Applies To:

Show Versions Show Versions

Manual Chapter: General Configuration Properties
Manual Chapter
Table of Contents   |   << Previous Chapter   |   Next Chapter >>

Part of managing the BIG-IP® system involves configuring and maintaining a set of global system properties. These properties allow you to configure:
When you configure general device properties, you are affecting the operation of the BIG-IP system as a whole, rather than just one aspect of it. Similarly, when you configure the general properties related to local traffic or global traffic, you are globally affecting the operation of the local traffic management and global traffic management systems.
The BIG-IP system includes some general properties that you can configure, as well as properties related to Network Time Protocol (NTP), Domain Name System (DNS), and host names on the network.
To manage these properties, log in to the BIG-IP Configuration utility, and on the Main tab, expand System, and click Configuration.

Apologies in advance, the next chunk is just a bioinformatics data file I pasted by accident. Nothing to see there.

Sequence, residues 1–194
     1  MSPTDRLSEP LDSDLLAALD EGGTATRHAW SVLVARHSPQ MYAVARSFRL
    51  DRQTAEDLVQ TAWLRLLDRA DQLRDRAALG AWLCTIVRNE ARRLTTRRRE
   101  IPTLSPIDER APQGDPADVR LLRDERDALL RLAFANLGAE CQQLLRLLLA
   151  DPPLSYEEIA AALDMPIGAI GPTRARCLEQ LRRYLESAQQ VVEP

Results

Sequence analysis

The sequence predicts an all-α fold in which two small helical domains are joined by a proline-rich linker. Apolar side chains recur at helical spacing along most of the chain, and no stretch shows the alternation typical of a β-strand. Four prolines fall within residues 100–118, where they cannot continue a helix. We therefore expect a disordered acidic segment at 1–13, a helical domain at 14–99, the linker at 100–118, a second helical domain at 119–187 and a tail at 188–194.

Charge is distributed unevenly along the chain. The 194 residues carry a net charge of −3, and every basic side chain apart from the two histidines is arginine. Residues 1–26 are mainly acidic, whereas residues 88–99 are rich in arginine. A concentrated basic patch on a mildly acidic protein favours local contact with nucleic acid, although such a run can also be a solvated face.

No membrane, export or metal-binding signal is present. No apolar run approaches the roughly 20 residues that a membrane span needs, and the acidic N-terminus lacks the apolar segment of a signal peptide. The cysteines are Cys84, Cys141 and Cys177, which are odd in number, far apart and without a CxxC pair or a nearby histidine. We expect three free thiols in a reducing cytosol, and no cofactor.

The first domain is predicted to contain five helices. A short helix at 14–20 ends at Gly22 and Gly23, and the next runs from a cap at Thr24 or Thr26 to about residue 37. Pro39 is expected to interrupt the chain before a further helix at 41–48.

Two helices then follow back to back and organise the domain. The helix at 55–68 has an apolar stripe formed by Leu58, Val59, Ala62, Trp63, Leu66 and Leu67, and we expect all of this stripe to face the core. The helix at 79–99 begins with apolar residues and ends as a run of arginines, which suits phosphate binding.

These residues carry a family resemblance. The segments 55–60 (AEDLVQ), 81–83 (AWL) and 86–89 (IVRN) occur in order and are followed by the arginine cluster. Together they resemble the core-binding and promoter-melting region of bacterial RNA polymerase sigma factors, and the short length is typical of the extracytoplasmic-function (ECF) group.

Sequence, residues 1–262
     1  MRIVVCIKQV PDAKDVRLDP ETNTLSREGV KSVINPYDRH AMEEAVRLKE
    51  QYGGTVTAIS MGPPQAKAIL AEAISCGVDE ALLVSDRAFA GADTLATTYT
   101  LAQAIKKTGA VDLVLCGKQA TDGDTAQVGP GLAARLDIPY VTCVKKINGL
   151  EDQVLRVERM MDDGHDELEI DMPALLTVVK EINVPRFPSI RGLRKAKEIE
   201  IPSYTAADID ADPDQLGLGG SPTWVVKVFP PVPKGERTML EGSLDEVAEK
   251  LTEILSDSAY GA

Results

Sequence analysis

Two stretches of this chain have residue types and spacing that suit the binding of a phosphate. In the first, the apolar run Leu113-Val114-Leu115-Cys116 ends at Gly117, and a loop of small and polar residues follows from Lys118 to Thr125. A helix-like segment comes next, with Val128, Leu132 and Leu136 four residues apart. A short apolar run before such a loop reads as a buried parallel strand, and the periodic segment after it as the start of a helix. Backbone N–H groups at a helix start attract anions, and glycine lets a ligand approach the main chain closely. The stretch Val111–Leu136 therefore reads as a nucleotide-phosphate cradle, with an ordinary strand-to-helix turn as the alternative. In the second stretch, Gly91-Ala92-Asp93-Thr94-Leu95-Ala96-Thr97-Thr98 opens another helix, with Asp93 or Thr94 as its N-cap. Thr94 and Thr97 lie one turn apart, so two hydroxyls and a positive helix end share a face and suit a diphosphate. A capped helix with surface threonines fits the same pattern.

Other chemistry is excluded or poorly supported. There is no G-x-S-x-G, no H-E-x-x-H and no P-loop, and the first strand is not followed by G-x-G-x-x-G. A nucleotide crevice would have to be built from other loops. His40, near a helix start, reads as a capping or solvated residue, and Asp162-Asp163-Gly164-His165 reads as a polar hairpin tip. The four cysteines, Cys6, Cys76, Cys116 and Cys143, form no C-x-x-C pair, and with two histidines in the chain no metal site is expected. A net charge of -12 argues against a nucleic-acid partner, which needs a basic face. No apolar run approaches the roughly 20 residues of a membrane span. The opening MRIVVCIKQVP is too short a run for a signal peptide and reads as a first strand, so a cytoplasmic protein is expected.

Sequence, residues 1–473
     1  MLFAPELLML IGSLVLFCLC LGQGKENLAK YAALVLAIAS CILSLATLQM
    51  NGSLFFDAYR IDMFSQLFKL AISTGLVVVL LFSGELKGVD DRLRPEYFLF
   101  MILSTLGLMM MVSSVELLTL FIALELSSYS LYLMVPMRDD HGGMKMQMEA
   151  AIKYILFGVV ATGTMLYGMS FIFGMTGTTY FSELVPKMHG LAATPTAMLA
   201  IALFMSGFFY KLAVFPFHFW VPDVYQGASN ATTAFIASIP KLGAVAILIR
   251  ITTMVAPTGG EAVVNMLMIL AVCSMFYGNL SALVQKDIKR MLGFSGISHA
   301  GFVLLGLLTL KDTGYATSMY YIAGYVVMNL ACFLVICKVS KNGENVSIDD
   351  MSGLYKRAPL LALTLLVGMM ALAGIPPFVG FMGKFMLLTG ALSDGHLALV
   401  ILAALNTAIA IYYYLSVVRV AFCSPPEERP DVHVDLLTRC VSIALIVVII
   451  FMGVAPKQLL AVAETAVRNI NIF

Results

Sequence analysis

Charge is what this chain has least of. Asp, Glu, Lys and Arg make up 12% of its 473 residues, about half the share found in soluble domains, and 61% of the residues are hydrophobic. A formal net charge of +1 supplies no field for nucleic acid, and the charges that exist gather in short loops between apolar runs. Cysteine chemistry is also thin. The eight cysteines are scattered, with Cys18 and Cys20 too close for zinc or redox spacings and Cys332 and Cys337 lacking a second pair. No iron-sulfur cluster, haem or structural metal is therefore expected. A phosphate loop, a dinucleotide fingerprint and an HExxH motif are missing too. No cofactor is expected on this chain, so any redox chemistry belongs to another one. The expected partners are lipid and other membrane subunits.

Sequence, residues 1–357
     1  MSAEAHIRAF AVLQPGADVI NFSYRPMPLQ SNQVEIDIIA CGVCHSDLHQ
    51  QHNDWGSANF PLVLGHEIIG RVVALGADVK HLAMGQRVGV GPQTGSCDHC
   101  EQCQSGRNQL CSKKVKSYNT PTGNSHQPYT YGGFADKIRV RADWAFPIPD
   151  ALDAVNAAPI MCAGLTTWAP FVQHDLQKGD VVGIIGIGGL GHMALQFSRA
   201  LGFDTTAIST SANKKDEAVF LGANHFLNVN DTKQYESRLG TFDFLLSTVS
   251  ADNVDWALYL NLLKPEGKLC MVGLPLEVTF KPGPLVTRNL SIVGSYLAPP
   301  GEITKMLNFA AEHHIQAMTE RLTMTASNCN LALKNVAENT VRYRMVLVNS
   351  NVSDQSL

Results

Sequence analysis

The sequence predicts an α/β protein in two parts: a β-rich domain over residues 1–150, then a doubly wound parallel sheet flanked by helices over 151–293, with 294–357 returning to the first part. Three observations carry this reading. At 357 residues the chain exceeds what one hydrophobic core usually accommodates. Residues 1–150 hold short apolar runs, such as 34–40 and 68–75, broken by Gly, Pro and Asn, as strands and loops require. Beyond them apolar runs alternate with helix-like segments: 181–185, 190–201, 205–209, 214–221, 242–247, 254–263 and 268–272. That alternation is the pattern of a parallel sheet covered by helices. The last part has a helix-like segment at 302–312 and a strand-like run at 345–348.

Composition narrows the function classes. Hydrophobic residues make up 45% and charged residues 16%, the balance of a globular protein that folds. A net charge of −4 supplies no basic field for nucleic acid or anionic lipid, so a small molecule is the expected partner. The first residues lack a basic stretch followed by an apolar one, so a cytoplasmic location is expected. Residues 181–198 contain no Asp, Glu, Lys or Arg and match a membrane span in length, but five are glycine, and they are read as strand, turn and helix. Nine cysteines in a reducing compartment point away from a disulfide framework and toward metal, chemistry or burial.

You can also reload the default geolocation data files that the BIG-IP system uses to source the origin of a name resolution request.
The BIG-IP system uses an IP geolocation database to source data about the origin of a name resolution request. The default database provides geolocation data for IPv4 addresses at the continent, country, state, ISP, and organization levels. The state-level data is worldwide, and thus includes designations in other countries that correspond to the U.S. state-level in the geolocation hierarchy, for example, provinces in Canada. Note that you can only access the ISP and organization-level geolocation data for IPv4 addresses using the iRules® whereis command. For more information, about iRules, see http://devcentral.f5.com/.
Tip: If you require geolocation data at the city-level, contact your F5 Networks sales representative to purchase additional database files.